Jackie Sumell is no stranger to making a scene – in 2001, she organized a march on Washington, carrying hundreds of women’s pubic hair in order to protest pro-life decisions made by George Bush. Long before that, she was the first girl in Long Island to play competitive tackle football. However, when she attended a conference and ended up getting in touch with Herman Wallace, a now 40-year prisoner in solitary confinement, she had no idea it would eventually become the project she is most recognized for.
Herman’s House, a film written and directed by Angad Singh Bhalla, follows the 12-year relationship between the two unlikely associates. The story begins when Sumell sends Wallace a letter consisting of pictures of what she happened to be doing every hour, so that he will know what is still happening in the world outside his 6 foot by 9 foot cell – a room smaller than the average parking space. They begin a game: if Wallace were able to have any house in the world, what would it look like? Their plans become more and more concrete, and Sumell creates a scale model of Wallace’s dream house, eventually displaying it in 12 exhibits around the world under the name The House that Herman Built. The project escalates, with the goal eventually changing into actually creating the house in New Orleans, so that it can be a community center for youth. However, the movie doesn’t try to shine a positive light on the ordeal the two have been through – it concludes with Wallace still in prison and Sumell stuck in a rut, unable to find a way to make Wallace’s dream a reality.
The movie is surprisingly candid, more of a biography of Wallace and Sumell than an exposé on solitary confinement and its injustices. It manages to strike a balance between the hot-button topic of long-term incarceration and the very human and surprisingly accessible experiences of a thirty-something artist and an accused murderer. It covers the issue of solitary confinement from a fairly objective angle, but shows a strong bias through Sumell and Wallace that this practice is overused and unfair. By the end of the film, it’s easy to feel all of the emotions that it covers – struggle, hope, patience and impatience. Justifiable anger. Being strong in the face of adversity and knowing to never give up. After all, this movie wasn’t named Best Documentary by the Harlem International Film Festival for nothing.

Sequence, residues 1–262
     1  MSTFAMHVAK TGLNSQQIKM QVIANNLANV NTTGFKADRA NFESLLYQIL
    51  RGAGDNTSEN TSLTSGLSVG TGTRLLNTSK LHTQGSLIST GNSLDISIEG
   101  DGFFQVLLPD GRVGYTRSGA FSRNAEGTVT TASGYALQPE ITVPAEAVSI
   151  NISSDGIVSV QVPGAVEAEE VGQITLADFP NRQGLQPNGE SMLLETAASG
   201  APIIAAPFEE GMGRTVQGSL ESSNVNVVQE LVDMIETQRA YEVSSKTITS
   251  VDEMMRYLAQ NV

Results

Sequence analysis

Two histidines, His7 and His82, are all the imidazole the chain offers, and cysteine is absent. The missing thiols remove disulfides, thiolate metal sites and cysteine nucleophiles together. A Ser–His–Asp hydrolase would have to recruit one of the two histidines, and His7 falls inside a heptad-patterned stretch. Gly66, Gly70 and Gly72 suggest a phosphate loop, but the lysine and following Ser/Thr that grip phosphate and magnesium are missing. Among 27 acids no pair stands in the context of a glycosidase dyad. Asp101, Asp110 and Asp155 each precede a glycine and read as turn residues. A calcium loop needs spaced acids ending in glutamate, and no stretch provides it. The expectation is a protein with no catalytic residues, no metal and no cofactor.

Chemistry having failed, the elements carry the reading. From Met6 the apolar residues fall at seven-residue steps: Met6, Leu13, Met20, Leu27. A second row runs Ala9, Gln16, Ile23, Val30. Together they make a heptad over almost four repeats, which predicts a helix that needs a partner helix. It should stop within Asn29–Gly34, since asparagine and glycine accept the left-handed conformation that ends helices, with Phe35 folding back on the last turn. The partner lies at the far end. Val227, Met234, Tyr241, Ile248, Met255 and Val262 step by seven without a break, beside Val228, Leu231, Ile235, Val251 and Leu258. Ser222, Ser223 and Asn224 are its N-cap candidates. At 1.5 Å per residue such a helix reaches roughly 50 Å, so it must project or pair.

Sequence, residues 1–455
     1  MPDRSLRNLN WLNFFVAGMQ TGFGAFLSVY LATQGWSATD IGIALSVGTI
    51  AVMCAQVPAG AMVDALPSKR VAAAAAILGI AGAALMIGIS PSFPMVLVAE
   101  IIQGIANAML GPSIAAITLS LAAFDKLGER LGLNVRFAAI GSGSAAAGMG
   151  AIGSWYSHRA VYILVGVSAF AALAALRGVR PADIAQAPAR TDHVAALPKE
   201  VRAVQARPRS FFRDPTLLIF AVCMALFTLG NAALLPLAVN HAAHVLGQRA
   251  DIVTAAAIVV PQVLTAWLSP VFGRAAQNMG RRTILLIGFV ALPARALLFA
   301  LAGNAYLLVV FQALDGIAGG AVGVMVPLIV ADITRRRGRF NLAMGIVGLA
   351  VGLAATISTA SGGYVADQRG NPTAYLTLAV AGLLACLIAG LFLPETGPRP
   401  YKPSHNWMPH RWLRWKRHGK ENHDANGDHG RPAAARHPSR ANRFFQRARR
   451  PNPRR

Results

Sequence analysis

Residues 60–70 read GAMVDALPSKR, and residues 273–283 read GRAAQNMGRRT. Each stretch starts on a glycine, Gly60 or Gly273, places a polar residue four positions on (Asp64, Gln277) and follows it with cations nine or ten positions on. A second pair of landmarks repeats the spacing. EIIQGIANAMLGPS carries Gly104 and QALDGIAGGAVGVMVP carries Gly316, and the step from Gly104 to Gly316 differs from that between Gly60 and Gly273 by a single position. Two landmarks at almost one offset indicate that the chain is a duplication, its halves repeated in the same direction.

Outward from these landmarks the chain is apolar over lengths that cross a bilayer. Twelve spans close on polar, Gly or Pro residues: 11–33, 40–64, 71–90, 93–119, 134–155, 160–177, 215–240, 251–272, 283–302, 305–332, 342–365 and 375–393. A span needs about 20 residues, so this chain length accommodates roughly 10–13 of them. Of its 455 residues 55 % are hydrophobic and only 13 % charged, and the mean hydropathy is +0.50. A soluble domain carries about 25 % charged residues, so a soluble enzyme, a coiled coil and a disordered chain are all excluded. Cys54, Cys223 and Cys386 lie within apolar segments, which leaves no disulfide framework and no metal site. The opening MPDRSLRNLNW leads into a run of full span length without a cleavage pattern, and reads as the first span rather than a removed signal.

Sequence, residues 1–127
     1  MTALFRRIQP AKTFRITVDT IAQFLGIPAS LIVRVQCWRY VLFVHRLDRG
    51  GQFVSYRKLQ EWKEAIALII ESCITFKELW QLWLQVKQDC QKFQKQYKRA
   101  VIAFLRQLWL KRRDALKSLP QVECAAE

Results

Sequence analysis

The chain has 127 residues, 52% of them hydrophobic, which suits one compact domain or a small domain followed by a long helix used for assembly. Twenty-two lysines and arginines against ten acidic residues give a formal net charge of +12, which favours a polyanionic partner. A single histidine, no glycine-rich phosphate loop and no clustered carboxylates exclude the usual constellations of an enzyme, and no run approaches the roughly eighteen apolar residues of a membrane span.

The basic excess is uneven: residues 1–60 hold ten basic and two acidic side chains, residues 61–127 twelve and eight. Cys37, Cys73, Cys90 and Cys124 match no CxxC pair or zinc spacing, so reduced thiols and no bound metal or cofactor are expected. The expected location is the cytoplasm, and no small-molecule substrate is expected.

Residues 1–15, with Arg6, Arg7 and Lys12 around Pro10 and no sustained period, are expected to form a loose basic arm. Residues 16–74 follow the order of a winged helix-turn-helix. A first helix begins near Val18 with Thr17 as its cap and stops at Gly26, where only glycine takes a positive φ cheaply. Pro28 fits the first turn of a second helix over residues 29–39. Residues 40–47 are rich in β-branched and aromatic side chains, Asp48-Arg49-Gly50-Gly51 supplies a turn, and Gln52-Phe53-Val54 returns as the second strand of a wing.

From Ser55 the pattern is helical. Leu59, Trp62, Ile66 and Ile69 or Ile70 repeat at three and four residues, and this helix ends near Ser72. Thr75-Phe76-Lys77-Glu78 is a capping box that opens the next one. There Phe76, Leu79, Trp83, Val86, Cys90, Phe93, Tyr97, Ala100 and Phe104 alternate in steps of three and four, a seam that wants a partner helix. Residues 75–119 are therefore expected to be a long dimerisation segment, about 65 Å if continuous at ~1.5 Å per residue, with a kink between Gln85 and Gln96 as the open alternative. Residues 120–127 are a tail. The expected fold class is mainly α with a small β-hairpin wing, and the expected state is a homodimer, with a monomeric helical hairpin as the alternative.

Long story short, this movie is powerful. It’s well-made, interesting, and can express everything it needs to and more. If everyone who read this article were to go watch it, I would bet the world would improve, just a little.
Grand Illusion Cinema
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Through Thursday, June 13
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